McMichael took a moment to weigh his options, but when Greene interrupted his thought process with a tag, Mongo had seen enough. He floored his former partner with the briefcase, allowing Flair to take the easy pin. Together with the Horsemen for the first time, McMichael joined in as the assault began. There wasn't much that Savage or Greene could do, as the four men cleaned house and left their opponents lying beaten in the center of the ring.

After the addition of Steve McMichael to their roster, the Horsemen made an attempt to tie up any loose ends. The first matter on their plate was this lingering feud with Kevin Sullivan and his Dungeon of Doom, which still clung to them after months of tedious matches. Anderson and Benoit took on Sullivan and the Giant (then a Dungeon of Doomer himself) at the Bash at the Beach PPV, but the Horsemen couldn't get it together for long enough to put the other men away. The Giant held most of the offense, as he was on his way to the top, and Sullivan had the last laugh on this occasion.

In retaliation, Ric Flair was given a US Title shot against another member of Sullivan's stable, Konnan. The match went down on Nitro, and the Nature Boy held the K-Dogg in the palm of his hand throughout. Following several failed comeback attempts, Flair quit playing with his prey and brought home the sixth US Title of his career. Elsewhere, Chris Benoit was enjoying some time away from his long-standing feud with Sullivan. He met Dean Malenko at Hog Wild in a brilliant technical masterpiece. Originally given a half hour time limit, the two were still going strong as the bell rang to signal the match's end. Officials decided that a five minute overtime was in order, and the former partners quickly drained the additional time, ending the match with what appeared to be a second time limit draw. Finally, yet another five minute overtime resulted in a decision: Benoit's hand raised high. Though the match was a thing of beauty, the irritable Sturgis crowd paid no heed and nearly killed the mood for the rest of the night.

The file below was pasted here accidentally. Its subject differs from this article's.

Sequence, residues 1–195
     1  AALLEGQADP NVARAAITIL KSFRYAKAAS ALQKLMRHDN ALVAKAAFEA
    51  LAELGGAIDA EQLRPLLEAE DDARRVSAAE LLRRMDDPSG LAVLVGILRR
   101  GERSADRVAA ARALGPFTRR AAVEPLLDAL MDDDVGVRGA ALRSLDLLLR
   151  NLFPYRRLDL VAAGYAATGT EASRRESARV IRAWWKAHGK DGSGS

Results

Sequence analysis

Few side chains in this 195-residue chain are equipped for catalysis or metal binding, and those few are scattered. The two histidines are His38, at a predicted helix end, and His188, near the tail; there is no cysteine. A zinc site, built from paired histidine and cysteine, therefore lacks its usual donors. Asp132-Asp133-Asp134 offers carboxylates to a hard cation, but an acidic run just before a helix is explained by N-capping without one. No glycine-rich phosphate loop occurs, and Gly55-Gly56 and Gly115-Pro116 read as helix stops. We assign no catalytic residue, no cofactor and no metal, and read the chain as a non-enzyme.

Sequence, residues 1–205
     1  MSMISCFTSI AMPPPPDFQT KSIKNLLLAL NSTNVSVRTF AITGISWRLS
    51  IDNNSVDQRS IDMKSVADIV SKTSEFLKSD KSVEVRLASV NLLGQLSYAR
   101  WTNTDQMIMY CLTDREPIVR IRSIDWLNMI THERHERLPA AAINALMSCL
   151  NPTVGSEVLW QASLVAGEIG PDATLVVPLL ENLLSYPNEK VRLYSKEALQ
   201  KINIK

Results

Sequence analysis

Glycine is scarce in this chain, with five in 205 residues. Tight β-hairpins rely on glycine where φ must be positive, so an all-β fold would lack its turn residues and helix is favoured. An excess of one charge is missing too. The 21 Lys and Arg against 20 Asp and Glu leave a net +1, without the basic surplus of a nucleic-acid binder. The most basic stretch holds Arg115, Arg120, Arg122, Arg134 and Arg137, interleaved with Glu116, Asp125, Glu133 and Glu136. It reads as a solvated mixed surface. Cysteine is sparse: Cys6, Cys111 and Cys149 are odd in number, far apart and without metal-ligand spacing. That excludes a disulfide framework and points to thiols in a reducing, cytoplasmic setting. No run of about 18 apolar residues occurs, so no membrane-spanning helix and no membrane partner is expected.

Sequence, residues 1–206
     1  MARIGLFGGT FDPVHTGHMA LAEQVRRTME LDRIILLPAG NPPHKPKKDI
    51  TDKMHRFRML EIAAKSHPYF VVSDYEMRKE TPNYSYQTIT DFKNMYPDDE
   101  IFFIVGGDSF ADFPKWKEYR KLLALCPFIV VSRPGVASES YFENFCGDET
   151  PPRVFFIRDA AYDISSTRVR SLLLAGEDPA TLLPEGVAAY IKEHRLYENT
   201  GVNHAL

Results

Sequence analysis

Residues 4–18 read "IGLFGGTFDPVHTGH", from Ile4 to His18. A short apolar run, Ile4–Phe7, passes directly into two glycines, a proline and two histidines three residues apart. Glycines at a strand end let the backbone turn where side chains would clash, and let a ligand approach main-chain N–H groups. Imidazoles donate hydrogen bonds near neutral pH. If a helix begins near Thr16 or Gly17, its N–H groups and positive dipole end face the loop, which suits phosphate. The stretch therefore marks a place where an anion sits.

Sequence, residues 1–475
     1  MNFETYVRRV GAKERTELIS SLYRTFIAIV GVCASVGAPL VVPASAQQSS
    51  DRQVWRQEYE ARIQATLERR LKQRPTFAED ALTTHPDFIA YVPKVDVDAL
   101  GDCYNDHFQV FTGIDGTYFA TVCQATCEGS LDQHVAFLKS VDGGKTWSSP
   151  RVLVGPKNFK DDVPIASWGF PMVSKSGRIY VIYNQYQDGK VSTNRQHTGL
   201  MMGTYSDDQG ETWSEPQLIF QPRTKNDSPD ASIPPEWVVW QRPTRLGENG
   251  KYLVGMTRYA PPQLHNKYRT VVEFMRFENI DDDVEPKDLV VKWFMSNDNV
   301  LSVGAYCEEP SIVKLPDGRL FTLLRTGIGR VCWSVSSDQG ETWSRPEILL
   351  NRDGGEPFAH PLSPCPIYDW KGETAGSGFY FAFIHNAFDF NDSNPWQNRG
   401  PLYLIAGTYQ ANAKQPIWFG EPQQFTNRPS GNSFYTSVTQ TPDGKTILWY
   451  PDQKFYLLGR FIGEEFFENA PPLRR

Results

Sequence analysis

raise those four fingers high
the finalized horsemen lineup of 1996: mcmichael, flair, benoit and Anderson

Elsewhere, a couple former WCW employees had wandered back onto the scene after some years in the WWF. Scott Hall and Kevin Nash had dropped by "where the big boys play", and the ultra-hot nWo gimmick had just begun. Recognizing the immediate threat to their thrones, the Horsemen abandoned each of their other ongoing rivalries to pursue this new challenge. Slowly drifting back to their abandoned roles as the establishment's favorite sons, the Horsemen were granted an opportunity to wipe out the newcomers at WarGames 1996. Realizing their common enemy, Sting and Lex Luger approached the Horsemen and suggested they join forces at the event and, hoping to destroy the faction before it became too strong, Flair accepted. Benoit and McMichael stepped down and offered their spots in the caged match to the new volunteers.

A bit frustrated over giving up his spot in the main event, Chris Benoit opened up the card against a new lightweight making his WCW debut. Though it wasn't their first meeting, nor would it be their last, Benoit's road wouldn't cross with Chris Jericho regularly until years later, when both were members of the WWF. Regardless, the two tore it up here, both working a much tougher style than their later meetings under Vince's eye. As an interesting bit of trivia, during the early moments of this bout, Benoit locked Jericho into a hold that's eerily similar to the liontamer. Weeks later, the young "Lionheart" adopted the maneuver as his regular submission finisher. Their stupendous, curtain-jerking match in this instance ended with Benoit finally gaining the pinfall with a superplex from the top, Dynamite Kid-style.